It has only been recently, after years of therapy, that I can listen to Steve’s words and take them as advice to act on.   My Death is tactile.  My Death has a scent and feeling of extreme anger and terror.  I don’t need a mirror to pose a question each morning because my mind’s eye reminds me of alternatives to a lack of motivation every night as I try to sleep.

Not a few years ago most days I thought PTSD would rob me of my ability to make an impact on this world.  It interfered with every aspect of my life.  I have had to relearn how to act and cope and love.  I am forever changed, but I am also forever changing.  I looked at Death and found what is important to me.  I am coming back, changed and stronger.

Steve Job had it right to look at Death as a motivator.  The truly hard part is to understand and act on it.  Thank you Steve Jobs for leaving a tool to inspire and motivate me.

Rest in Peace.


6 thoughts on “Steve Jobs, Facing Death, and #PTSD

  1. Carolyn Gatto Wagner

    “Not a few years ago most days I thought PTSD would rob me of my ability to make an impact on this world. It interfered with every aspect of my life. I have had to relearn how to act and cope and love. I am forever changed, but I am also forever changing. I looked at Death and found what is important to me. I am coming back, changed and stronger.”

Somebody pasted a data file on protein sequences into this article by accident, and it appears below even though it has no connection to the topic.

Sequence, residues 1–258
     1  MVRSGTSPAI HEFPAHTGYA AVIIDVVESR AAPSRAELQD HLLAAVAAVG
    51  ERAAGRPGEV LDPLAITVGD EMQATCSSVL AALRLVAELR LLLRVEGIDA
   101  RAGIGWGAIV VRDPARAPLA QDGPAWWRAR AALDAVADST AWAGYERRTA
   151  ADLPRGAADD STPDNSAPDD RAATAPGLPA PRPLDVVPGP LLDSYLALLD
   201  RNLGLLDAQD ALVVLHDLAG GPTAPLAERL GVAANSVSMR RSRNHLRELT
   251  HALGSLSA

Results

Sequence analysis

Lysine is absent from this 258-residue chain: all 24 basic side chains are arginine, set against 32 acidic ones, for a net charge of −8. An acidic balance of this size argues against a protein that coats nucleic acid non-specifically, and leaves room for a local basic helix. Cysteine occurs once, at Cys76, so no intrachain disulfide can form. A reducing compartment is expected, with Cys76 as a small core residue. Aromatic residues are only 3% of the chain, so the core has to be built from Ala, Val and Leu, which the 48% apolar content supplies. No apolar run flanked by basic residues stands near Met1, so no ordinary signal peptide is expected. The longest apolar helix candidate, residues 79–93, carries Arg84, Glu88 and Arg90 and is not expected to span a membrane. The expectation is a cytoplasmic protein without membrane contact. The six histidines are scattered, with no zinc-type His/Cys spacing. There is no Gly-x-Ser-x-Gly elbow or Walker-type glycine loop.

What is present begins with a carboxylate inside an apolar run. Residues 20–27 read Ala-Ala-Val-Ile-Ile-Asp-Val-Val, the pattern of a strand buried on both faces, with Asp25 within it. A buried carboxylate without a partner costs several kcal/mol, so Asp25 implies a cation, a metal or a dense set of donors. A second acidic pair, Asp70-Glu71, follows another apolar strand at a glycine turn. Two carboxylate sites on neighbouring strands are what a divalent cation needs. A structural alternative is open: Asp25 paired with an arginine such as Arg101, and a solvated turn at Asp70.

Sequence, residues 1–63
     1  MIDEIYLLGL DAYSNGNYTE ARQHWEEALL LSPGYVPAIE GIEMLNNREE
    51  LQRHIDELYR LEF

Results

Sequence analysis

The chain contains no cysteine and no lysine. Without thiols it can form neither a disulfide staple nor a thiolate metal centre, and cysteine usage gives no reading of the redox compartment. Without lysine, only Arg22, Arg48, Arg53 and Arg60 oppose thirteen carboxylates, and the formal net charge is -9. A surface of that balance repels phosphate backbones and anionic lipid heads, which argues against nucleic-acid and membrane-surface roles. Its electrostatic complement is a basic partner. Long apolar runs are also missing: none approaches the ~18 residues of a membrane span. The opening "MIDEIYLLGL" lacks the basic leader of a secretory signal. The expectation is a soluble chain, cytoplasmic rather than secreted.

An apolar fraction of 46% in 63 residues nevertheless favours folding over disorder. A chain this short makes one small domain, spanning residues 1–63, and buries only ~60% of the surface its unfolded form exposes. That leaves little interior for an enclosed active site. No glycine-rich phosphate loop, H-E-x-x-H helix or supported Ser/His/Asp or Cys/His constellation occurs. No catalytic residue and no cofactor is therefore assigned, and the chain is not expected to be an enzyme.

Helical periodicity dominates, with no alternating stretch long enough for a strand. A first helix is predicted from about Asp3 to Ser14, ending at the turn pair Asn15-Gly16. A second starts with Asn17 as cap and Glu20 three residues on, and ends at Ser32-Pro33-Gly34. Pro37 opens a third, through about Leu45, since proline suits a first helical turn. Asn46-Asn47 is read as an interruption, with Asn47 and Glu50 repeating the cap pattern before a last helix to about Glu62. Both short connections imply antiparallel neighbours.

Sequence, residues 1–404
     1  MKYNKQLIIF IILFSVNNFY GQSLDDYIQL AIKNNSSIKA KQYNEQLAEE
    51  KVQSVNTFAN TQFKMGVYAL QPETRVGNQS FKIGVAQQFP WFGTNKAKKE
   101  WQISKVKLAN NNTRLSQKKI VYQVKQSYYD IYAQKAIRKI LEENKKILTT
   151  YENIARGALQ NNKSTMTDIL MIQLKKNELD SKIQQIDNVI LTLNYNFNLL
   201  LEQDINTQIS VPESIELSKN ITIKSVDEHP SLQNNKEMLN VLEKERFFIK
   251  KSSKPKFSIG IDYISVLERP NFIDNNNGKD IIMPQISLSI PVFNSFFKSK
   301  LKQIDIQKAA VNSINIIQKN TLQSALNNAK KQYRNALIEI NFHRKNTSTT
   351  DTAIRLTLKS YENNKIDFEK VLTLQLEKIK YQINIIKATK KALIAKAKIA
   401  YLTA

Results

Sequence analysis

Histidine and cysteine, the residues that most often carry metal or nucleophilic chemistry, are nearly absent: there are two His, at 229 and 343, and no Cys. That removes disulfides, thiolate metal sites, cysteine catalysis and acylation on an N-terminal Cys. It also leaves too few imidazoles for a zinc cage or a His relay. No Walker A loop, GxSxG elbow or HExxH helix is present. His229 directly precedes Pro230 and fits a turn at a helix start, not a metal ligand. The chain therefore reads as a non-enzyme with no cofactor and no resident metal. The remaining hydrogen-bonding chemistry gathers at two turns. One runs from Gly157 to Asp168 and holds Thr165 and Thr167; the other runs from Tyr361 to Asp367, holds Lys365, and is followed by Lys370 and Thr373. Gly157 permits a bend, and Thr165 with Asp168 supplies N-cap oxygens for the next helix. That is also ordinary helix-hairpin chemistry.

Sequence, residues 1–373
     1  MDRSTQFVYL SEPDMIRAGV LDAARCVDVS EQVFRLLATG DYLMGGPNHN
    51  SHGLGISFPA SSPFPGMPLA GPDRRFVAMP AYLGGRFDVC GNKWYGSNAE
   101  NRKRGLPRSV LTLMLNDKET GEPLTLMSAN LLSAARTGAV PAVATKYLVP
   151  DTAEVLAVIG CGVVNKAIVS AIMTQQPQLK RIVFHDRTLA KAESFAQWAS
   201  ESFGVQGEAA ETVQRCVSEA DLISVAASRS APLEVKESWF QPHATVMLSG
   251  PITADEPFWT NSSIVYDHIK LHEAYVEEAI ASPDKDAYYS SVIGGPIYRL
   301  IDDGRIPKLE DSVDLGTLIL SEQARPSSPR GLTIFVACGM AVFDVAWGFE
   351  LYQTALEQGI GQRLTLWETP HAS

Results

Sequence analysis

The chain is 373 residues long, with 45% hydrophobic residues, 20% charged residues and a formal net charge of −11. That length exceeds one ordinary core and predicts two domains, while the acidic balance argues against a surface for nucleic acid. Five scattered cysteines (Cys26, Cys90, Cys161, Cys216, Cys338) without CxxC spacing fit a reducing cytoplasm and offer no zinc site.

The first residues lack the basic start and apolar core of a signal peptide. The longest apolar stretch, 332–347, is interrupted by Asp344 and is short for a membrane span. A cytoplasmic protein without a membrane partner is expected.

I am so moved by these words. There is a difference between being smart enough to see what is important and being strong enough to act on it. You have both the intelligence and the strength. Savor that strength, let it nourish you. Let your self see the signs from the universe helping you to act on it and replenish you, in the words of a song, or the gesture from a friend or stranger, even in the death of a cultural icon. These moments are meant for you, and for all of us, if we care to seize them. The universe is on our side. You have already made a lasting, positive impression on so many.
    your cous, Carolyn

  2. PTSD Wife

    I envy you Mikey. My husband and I are still trapped in that place where we have seen Death, but we are still too numbed by the experience to Live in spite of it. Thank you for the inspiration. It does indeed take more than just the realization that death is coming in order to live.

  3. Anonymous

    Thanks Cous. I wrote that and climbed into bed. Each day we make choices. I try to do what is right, even when it is often hard. The foundation I have is from family like you. I am driven to not disappoint and live up to the standards I set for myself.

    I hope all is well. Love your cous

  4. Anonymous

    PTSD Wife,

    It has taken years to get this far. It was not smooth sailing. And I had so much help. I hope you can seize the inspiration and act upon it. I had to seek the help I received and swallow my tough guy pride to relearn how to live. I wish you peace and happiness and a little luck. The rest is up to you and your husband.